Originally, The Franks were meant to play downstairs in the main part of the Islington Academy. Had they done so, it would have been support act and labelmates Hybrasil’s biggest London gig to date. Then along came The Magic Numbers, sponsored by a radio station and backed by a major, and The Franks were shunted upstairs to the Bar Academy.
This long room can be a challenge for opening acts. There is a large space in front of the stage before the galley-style bar area, and Hybrasil were to be first act on at something like 6:30pm. Unfortunately for John “Spud” Murphy and his energetic band, such a start time inevitably means a somewhat less than full house, and for the bulk of their set the boys played to a wide open space.
Such a dispiriting state of affairs might have led most acts to wonder if there was any point. But Hybrasil’s songs ride over whatever’s in front of them, and before too long the band looked like they were enjoying themselves. The rhythmfest that is Hy Fy closed the set with a flurry of drumsticks, blocks, electric drums and a beat impossible to ignore.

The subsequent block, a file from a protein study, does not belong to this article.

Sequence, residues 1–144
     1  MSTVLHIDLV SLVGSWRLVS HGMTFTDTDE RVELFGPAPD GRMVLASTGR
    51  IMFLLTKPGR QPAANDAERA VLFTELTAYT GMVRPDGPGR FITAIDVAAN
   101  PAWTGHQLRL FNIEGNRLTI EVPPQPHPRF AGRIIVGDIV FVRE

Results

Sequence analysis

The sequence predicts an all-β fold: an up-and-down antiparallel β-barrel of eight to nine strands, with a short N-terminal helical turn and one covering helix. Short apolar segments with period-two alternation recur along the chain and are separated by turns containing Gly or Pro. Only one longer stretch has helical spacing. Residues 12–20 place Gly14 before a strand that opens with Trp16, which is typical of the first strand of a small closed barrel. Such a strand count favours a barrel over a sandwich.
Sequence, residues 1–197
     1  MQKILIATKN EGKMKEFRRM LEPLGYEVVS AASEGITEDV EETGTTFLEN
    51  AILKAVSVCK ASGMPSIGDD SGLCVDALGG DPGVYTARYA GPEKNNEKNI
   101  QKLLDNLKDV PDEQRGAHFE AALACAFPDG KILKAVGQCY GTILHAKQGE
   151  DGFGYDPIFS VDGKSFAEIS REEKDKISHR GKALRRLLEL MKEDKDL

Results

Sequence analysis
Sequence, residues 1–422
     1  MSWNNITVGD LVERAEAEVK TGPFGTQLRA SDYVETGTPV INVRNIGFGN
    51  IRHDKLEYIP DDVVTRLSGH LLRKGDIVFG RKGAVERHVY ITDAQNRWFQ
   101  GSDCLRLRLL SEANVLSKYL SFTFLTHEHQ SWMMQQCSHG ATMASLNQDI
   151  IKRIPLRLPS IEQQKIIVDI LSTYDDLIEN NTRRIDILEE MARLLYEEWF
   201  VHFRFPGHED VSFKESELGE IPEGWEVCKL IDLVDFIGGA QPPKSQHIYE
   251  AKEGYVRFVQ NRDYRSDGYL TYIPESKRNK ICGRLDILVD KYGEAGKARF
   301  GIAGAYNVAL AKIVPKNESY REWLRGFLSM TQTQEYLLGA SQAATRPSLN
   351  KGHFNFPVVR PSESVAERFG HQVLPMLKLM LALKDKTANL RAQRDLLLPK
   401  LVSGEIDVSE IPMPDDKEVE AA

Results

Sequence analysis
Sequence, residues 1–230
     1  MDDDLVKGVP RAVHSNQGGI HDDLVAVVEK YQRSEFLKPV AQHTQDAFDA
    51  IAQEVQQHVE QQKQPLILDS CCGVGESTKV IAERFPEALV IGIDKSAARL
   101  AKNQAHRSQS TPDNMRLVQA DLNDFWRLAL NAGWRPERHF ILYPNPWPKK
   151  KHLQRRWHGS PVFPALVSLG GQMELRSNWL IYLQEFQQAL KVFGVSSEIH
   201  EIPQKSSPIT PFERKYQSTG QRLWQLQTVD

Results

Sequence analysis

Richy and Fruity from Carter USM, complete with iPod shuffle, were the incongruous second band on. Going by the name iDou, they were noisily guitar-led but not what we’d come to see, and there were no obvious melodic hooks to spark interest.
The Franks’ current set seems designed to be the crowd pleaser to beat all crowd pleasers. New material is concentrated at the beginning, giving way to a whole slew of live treats like Michael, Fashion Crisis Hits New York, Colours, How Can I Exist? and Indian Ocean before long.
The three-piece that had set the Borderline alight in November was joined by a keyboard player, and new guitarist Kevin now seems confident in his role, chain-smoking throughout and joining in with the banter. Without a set list the names of the new songs eluded me, but they suggest The Franks are mining their pre-synths period for inspiration. The now packed mosh pit, drenched in sweat, certainly approved.
Funky Cold Medina closed the set in anarchic style. Will this ever be a single, or remain the best rock cover never to make it to the format? It’s unstoppable live, and the audience were as responsive as always.
Maybe it was the venue, maybe the second support band, maybe that the gig opened and closed so early, but as the end arrived and the evening’s club crowd ambled in as we ambled out, it all seemed a little odd. Nothing against the Magic Numbers, but The Franks were well capable of raising the main venue’s roof. It’s high time they were treated with the respect they deserve.